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Hajj and risk of blood borne infections
  1. A R GATRAD,
  2. A SHEIKH
  1. Manor Hospital, Moat Road
  2. Walsall WS2 9PS, UK

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    Editor,—Annually, some two and a half million pilgrims congregate in the city of Mecca in Saudi Arabia to perform the Hajj (pilgrimage), a religious duty for all adult Muslims who are physically and financially able. Because of the very large numbers of peoples from disparate regions, and the hostile climate of the Arabian Desert, the chances of disease are high. Heat exhaustion, sunstroke, and infectious diseases such as pneumonia and meningitis have traditionally caused the greatest disease burden.1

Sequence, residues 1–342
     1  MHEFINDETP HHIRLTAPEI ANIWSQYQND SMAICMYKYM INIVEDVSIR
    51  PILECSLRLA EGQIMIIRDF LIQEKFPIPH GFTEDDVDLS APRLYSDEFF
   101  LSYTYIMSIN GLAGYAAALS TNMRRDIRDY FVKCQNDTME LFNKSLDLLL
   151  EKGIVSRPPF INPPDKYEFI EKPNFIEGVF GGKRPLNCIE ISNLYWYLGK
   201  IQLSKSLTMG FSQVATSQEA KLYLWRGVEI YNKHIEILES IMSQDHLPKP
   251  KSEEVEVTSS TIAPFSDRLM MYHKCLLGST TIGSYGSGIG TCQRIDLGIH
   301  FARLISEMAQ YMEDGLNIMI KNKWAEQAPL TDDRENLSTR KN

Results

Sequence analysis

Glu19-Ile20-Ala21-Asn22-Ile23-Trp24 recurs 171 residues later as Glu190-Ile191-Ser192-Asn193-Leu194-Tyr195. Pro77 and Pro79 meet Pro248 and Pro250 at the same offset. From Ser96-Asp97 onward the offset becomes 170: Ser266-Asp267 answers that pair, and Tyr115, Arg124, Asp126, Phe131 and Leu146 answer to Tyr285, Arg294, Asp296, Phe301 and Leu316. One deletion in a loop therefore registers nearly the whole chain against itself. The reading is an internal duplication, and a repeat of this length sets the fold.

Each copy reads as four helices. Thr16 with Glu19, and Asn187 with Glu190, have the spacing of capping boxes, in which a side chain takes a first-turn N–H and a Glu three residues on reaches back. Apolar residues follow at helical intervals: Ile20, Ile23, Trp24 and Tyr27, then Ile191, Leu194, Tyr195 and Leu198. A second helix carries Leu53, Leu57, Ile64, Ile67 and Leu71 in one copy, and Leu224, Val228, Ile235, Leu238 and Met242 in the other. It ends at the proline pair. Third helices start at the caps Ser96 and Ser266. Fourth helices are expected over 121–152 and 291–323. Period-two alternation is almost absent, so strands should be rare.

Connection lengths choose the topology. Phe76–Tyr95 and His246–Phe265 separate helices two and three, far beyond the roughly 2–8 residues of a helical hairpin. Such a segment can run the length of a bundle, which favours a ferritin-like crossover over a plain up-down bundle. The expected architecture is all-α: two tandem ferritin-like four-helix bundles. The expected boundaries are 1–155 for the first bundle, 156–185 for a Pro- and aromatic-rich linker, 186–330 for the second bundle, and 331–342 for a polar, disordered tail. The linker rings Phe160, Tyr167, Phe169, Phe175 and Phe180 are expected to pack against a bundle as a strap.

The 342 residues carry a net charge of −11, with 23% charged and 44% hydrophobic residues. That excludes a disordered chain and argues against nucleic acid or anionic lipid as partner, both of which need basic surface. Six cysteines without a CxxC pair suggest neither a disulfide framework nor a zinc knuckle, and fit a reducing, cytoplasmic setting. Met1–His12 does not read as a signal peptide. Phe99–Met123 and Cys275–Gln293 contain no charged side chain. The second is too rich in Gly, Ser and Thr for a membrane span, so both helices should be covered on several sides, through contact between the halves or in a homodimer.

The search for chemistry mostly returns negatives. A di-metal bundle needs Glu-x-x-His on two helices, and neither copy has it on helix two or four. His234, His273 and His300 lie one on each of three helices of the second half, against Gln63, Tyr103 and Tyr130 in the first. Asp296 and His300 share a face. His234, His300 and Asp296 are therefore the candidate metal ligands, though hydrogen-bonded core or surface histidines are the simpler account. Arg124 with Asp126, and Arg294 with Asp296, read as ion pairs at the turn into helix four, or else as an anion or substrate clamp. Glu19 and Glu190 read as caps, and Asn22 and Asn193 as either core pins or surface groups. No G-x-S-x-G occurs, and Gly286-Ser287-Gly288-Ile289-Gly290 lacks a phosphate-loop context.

One of the rites of the Hajj is for males to shave their heads, although trimming the hair is also acceptable. Most will choose the former, often in makeshift centres run by opportunistic barbers. A razor blade is commonly used, and may be used on several scalps before ultimately being discarded. The risks of blood borne infections such as HIV and hepatitis B and C are obvious, especially considering that many pilgrims come from regions of the world where such infections are endemic.2 Pilgrims should be aware of the potential dangers and be educated to insist on the use of a new blade. We would also strongly recommend that they be vaccinated against hepatitis B.

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